Fred Clarke tells how Arthur would "often start an argument" with his brother and sister at the tea table "which could end in chaos". Their mother's solution involved one of many "floppy sticks", or apple tree branches, stored in a high cupboard. One day the boys built a tower from table and chair, with Fred on the top, to get to the sticks, which Arthur put on the fire. What they didn't know was that Mother had a second stash in another cupboard!
The book is illustrated with monochrome photos of Arthur and his friends across the years. All in all, it gives a varied and often personal view of his life, not comprehensive or encyclopedic, but certainly readable and engaging.
Old House Books
Baedeker's Guide to Great Britain, 1937
by Karl Baedeker, £14.99, ISBN 978-1908402615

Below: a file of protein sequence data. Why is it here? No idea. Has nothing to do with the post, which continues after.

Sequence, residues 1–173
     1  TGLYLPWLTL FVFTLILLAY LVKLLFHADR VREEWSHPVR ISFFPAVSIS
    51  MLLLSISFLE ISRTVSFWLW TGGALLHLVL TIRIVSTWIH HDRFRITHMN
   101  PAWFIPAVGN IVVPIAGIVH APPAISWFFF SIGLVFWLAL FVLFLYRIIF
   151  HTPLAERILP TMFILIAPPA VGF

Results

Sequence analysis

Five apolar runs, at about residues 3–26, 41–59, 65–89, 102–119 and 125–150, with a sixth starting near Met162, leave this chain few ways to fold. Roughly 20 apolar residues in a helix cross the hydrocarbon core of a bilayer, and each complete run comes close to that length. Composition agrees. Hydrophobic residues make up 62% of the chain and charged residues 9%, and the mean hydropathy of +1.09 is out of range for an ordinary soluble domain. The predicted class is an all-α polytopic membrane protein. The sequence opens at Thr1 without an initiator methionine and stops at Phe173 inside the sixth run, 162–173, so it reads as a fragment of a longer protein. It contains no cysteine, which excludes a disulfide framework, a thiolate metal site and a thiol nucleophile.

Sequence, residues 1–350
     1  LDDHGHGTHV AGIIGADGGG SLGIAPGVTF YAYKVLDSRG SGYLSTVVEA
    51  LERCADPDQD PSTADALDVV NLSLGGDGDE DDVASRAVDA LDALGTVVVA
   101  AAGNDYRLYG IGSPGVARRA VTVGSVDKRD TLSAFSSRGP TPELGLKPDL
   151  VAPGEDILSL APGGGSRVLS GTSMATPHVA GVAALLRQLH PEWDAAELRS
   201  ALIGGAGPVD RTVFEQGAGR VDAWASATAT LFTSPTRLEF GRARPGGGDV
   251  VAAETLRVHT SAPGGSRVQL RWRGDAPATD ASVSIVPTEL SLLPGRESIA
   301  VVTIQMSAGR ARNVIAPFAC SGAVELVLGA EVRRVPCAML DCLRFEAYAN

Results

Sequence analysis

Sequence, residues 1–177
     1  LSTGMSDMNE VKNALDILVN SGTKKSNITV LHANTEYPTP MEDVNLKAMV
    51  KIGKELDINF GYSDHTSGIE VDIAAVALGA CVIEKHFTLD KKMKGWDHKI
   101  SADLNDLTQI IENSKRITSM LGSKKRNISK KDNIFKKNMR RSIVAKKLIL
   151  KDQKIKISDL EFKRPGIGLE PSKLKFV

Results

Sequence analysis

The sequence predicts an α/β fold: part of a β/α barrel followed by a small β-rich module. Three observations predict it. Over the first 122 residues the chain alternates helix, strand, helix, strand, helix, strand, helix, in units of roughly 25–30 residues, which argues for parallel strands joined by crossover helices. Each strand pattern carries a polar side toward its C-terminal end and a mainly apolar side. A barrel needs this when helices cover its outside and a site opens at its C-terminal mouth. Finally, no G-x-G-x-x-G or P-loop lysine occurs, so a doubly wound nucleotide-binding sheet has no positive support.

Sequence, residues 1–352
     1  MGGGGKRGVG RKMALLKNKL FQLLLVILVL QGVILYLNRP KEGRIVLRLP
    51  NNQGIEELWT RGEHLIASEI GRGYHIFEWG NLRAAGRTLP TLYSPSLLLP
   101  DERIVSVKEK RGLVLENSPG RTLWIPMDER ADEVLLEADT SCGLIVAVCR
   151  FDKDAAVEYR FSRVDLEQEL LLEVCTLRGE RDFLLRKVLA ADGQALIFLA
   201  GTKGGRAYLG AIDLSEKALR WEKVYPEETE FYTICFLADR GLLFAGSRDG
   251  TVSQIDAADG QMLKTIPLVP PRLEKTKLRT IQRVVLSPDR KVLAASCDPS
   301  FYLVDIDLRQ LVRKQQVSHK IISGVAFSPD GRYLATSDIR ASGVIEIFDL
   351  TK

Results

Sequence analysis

In the course of the nearly 200-year history of Baedeker Guides, there were three editions which caused the highest amount of notoriety and therefore became by far the rarest and the priciest among the handbooks. The first ' 'Baedeker's Russia, 1914' ' had only one English edition (1914 was not the best year for guidebook publishing) whose uniqueness lay in the fact that it became a blueprint of Russia and Europe prior to the First World War, after which, as we know, the world was never the same again.
The second was called 'Das Generalgourvernement Reisehandbuch von Karl Baedeker, 1943'. This one and only German edition was an attempt to cover the whole of the Third Reich including the occupied countries of Europe: Poland, Hungary, parts of France, Russia and Ukraine. Karl Baedeker himself had little to do with the idea; his world-wide fame was used by the Nazis as part of a propaganda coup.